A third of women say companies will never prioritise closing the gender pay gap

Just one day before the Workplace Gender Equality Agency (WGEA) is set to publish employer gender pay gaps, new research from HR tech organisation HiBob has found that a staggering 61% of Australian women would consider leaving their job if they found out their company has a gender pay gap – regardless of how big the gap is.

While 61% of women would leave, only 36% of men express the same willingness to leave.

HiBob’s annual Women in the Workplace report assesses pay, job progression, leadership, job security and more, and aims to uncover the many issues women face in the workplace.

The publication of gender pay gaps looks to be the final straw for many women in the workplace, with only 36% saying organisations are doing enough to close the gap. In comparison, 55% of men said they are.

31% of women said their organisations “will never” prioritise closing the gender pay gap, according to HiBob’s research.

Pay has skyrocketed to the top reason for why women would look to a new job at a new company, with 78% saying that would be an encouragement – up 36% from last year.

It is followed by a strong and health company culture (43%), flexible work models (42%), and a clearer path to promotion (36%).

The pay gap was the tip of the iceberg in challenges Australian women face in the workplace, according to HiBob.

40% of women believe that men are promoted more often or quicker than women within their company, (compared with 18% of men who think this), while one in four women (26%) said that a colleague has made them feel uncomfortable or less qualified in the workplace based on their gender.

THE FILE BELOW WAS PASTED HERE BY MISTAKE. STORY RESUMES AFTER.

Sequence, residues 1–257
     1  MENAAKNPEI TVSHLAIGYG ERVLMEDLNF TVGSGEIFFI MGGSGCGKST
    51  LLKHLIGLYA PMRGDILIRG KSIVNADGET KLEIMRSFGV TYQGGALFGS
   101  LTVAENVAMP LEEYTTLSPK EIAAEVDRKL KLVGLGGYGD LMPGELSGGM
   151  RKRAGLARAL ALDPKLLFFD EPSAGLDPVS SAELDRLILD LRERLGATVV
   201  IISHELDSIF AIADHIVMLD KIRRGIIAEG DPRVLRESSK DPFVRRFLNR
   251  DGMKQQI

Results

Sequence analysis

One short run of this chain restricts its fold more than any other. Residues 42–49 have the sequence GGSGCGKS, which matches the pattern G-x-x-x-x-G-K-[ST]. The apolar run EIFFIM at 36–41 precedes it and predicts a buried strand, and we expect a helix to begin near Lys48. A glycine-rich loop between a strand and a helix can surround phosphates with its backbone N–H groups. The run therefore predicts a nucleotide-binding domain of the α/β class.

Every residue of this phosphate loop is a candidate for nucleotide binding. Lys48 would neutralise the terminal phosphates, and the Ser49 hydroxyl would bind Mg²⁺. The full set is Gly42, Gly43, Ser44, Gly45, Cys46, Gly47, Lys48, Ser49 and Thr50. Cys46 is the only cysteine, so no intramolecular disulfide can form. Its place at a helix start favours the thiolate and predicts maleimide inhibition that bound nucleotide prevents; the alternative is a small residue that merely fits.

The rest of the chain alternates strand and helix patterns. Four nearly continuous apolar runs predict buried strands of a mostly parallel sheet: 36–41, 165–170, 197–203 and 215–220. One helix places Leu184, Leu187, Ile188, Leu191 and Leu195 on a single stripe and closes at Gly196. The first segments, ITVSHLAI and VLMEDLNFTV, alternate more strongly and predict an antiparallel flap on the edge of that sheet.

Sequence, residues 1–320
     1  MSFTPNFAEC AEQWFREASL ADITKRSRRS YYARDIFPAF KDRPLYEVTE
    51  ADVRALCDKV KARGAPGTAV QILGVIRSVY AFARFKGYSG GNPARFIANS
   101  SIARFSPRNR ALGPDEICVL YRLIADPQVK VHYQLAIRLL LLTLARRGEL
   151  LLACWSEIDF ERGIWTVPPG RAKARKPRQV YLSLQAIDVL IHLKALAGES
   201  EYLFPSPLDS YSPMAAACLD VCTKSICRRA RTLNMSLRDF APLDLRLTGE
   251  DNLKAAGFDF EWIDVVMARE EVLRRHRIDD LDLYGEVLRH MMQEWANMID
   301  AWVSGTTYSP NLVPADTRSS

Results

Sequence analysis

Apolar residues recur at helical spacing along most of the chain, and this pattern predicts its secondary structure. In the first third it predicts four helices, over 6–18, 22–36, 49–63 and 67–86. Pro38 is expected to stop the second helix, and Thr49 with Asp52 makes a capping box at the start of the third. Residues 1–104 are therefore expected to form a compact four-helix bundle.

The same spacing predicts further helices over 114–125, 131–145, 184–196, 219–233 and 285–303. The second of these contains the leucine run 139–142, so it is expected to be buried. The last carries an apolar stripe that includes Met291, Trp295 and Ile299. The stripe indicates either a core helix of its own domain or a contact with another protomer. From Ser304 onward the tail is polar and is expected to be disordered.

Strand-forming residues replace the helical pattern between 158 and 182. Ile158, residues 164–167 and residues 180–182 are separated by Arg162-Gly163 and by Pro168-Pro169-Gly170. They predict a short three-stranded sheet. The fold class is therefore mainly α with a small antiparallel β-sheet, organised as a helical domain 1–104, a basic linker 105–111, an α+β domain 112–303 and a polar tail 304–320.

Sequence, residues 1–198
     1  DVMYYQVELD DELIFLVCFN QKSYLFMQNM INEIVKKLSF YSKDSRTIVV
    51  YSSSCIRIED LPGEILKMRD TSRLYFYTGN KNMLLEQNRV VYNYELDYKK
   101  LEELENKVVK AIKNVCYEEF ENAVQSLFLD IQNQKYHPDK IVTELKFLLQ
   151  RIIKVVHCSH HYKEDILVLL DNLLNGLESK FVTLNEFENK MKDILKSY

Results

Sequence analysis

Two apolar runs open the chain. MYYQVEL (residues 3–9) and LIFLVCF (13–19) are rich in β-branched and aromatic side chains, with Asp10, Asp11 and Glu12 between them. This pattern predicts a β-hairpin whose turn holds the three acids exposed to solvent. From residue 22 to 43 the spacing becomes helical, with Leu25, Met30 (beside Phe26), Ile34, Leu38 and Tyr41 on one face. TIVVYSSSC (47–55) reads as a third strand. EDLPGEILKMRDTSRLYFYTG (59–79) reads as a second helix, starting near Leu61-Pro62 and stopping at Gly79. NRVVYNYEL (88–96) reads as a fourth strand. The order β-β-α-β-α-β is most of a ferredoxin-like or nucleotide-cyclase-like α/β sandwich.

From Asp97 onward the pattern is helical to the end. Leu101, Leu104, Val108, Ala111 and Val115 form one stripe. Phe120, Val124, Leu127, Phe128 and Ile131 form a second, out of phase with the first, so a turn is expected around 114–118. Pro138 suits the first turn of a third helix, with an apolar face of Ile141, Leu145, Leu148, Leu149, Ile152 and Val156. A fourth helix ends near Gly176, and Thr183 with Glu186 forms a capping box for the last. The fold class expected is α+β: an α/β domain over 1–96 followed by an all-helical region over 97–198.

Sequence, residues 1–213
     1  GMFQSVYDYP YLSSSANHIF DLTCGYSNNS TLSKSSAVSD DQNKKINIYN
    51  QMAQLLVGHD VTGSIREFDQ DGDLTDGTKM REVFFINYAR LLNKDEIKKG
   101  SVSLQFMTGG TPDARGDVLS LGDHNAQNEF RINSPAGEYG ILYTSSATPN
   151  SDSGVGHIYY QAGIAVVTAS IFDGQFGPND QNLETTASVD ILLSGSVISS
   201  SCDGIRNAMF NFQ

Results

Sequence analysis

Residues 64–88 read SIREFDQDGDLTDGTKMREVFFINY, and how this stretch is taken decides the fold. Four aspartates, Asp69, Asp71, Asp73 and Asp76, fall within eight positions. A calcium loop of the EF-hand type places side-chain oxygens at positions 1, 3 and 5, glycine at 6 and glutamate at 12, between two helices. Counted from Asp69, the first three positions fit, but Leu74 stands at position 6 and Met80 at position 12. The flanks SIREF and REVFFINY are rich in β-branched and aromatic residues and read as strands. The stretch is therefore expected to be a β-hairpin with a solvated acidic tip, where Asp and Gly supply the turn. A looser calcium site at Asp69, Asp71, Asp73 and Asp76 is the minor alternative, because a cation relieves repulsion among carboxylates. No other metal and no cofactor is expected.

Nirit Peled-Muntz

Nirit Peled-Muntz, chief people officer at HiBob, said: “Pay is the foundation of the relationship between employees and employers – and if there’s a gap between genders, nothing damages that relationship more.

“I don’t believe organisations deliberately set out to pay one gender more than another, but we do have a problem in Australia, and it’s something organisations need to prioritise fixing. Because not only is pay equality fair, it helps improve profitability.

“Research by McKinsey says that companies with the highest levels of gender and ethnic diversity are 15% and 35% more likely, respectively, to have financial returns above their industry’s average.”

More than four in five women (83%) said organisations should conduct annual pay equality audits, and 84% said organisations should conduct performance and promotion audits annually to ensure they’re being done fairly.

84% of women also said organisations should promote and support diversity in leadership, and 79% said organisations should make diversity a core business value and foster an inclusive culture.

“Fixing the gender pay gap is the big ‘people challenge’ of our time, but an organisation can’t fix it if it doesn’t have the right employee remuneration data easily to hand,” added Peled-Muntz.

“Getting that information is key to understanding why a gender pay gap exists within an organisation so you can take steps to rectify it.”


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